Donald Duck, conflict simulations and the military-entertainment complex

Today, the BBC Asia-Pacific website features an article about “manga-style comics” published by the US military “to teach Japanese children about the two countries’ security alliance”.

US military propaganda (2010)

As a conscientious objector, I cannot help but find the all thing  disturbing. Especially because I’m sure the Japanese public has not yet digested this other fine example of American comics, pre-dating the US/Japan Treaty of Mutual Cooperation and Security: (more…)

"How come it's BLUE?" The origins of James Cameron's Avatar

By: Antonio A. Casilli (Centre Edgar-Morin, EHESS, Paris) [1]

By now you all must have a pretty clear opinion of James Cameron’s Avatar. Is it the new Star Wars? Or is it just another CGI-ridden crapbuster movie? You are entitled to your own opinion. As I am not a film critic, my job is not to change it. What this movie represents to me, and to many a colleague of mine, is a chance to resuscitate some forgotten pieces of cultural analysis written in the last 15 years – approximatively the time this movie has been in the making. As a concept, the avatar has a long history.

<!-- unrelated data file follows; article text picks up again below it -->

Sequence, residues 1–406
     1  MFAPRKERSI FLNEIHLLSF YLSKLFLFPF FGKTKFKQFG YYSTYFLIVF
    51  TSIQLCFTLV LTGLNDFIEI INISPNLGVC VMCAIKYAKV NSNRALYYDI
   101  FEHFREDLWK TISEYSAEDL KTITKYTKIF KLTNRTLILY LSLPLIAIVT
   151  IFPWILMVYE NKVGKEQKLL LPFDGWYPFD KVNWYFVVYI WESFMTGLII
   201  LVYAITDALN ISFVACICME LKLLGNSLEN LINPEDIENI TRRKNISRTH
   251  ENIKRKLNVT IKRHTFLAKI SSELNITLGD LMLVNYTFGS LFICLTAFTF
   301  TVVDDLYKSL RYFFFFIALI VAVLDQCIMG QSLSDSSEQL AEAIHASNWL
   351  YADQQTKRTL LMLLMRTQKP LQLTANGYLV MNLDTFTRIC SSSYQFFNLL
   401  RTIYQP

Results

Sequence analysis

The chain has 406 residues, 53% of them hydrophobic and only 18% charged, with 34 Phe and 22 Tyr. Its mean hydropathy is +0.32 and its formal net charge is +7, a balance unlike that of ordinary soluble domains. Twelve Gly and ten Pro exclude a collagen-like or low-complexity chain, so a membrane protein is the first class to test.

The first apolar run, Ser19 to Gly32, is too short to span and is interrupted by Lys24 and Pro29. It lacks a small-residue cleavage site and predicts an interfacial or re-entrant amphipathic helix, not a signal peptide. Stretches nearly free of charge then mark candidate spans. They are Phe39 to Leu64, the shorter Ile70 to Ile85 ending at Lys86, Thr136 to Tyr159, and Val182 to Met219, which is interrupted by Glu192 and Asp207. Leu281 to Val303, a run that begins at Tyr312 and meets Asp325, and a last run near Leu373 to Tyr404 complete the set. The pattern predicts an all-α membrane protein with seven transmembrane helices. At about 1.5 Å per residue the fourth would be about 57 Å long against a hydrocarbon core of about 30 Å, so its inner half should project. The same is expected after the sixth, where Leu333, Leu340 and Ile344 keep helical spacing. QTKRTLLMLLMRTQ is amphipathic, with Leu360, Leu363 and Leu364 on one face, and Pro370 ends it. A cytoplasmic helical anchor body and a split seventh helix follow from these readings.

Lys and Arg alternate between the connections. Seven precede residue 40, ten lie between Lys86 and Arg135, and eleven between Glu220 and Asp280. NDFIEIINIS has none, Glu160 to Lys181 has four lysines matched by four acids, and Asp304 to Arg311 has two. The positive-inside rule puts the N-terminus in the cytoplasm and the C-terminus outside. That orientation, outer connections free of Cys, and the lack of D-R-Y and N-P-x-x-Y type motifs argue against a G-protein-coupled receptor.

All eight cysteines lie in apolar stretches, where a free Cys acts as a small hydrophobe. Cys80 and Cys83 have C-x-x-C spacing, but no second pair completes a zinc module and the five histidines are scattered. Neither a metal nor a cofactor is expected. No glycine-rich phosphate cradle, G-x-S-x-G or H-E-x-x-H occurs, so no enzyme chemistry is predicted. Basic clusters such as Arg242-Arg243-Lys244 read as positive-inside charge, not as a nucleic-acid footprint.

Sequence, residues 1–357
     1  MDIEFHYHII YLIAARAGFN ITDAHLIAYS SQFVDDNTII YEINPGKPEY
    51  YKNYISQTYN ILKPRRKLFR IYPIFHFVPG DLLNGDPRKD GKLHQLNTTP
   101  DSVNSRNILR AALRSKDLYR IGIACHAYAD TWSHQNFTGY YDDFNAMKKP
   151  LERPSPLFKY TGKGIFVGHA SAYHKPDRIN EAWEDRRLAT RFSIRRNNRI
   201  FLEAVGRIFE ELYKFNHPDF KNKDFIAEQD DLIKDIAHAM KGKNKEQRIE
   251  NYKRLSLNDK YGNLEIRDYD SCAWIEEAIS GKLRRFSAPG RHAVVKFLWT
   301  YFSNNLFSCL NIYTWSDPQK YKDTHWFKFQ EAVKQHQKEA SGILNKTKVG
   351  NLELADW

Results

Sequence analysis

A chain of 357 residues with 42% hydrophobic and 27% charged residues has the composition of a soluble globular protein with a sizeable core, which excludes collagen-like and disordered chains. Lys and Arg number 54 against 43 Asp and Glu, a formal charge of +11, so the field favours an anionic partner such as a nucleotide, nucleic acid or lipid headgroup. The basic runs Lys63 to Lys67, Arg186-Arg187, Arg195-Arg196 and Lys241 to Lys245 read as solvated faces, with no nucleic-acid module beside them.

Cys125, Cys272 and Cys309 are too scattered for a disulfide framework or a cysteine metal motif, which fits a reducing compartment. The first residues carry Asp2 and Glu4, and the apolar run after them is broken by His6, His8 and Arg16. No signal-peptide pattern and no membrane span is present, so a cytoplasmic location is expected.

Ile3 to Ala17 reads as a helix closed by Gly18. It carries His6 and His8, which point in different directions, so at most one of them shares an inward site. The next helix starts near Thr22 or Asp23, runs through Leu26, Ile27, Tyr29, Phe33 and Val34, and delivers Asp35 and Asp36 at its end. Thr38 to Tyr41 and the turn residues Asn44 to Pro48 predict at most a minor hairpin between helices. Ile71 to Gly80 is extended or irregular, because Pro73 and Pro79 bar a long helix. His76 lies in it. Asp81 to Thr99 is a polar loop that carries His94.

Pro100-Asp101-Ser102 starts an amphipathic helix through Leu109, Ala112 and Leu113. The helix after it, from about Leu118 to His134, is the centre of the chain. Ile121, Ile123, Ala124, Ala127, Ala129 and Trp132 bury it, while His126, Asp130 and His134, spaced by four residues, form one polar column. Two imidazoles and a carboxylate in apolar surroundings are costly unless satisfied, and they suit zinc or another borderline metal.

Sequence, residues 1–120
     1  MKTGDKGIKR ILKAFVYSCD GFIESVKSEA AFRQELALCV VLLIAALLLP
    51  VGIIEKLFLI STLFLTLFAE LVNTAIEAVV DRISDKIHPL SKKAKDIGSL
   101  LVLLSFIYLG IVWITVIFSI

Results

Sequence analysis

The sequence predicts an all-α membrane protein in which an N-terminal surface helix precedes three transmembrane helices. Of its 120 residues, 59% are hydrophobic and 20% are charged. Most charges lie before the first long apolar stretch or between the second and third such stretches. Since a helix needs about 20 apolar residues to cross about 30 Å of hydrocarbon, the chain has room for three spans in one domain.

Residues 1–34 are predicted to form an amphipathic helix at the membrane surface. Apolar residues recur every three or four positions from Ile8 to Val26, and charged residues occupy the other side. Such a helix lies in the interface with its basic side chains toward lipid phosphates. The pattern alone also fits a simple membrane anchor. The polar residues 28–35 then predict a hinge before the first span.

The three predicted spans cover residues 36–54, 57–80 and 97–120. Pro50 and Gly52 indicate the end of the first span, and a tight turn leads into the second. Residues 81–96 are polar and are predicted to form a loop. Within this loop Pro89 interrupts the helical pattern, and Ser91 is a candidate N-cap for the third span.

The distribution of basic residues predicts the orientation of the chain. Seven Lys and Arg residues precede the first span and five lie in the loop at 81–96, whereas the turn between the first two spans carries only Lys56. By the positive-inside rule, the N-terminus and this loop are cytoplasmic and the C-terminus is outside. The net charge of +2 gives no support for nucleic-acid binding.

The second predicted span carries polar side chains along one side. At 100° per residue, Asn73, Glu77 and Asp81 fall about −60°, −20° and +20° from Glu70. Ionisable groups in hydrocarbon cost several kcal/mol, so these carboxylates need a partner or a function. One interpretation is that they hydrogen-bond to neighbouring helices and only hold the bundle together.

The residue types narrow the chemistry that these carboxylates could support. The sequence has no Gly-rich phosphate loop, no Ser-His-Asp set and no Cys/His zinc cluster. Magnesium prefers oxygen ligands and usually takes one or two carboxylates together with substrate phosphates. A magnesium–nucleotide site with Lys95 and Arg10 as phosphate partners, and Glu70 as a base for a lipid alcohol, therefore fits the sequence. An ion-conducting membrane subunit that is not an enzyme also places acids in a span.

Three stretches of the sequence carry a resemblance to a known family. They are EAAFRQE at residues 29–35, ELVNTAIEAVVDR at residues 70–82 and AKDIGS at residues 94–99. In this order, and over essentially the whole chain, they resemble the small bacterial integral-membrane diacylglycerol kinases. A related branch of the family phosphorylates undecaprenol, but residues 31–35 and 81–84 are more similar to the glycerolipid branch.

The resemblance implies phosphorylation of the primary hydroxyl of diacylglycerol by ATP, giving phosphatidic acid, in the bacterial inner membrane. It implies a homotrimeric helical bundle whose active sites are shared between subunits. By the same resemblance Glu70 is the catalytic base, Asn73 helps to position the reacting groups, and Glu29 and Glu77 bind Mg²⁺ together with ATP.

Visual genealogy: left The Lawnmower Man (1992); right Avatar (2009)

And a long history also means a lot of bibliographic references. And some of them still come handy to understand what the hell Cameron’s film is about. It’ like a garage sale, where I give away those old records I used to cherish a lot, so that some freshman neighbour with deejaying penchants can make a mashup mp3 out of them.

A few years ago, for example, the French journal Communications published an article of mine whose title, quite self-explanatorily, would read something like: Blue Avatars, about three strategies of cultural borrowing at the heart of computer culture.
Antonio A. Casilli (2005). Les avatars bleus, Autour de trois stratégies d’emprunt culturel au cœur de la cyberculture. Communications, 7 (1), 183-209

Yeah, well… maybe not that self-explanatorily, after all. Anyhow, in this article I gave form to a socio-visual genealogy of the avatar, as one of the main archetypes of contemporary culture.

Now I assume some of you don’t speak French. Also, some simply can’t be bothered to go through 30 pages of socio-babbling. So here I provide a summary of the main results of the article.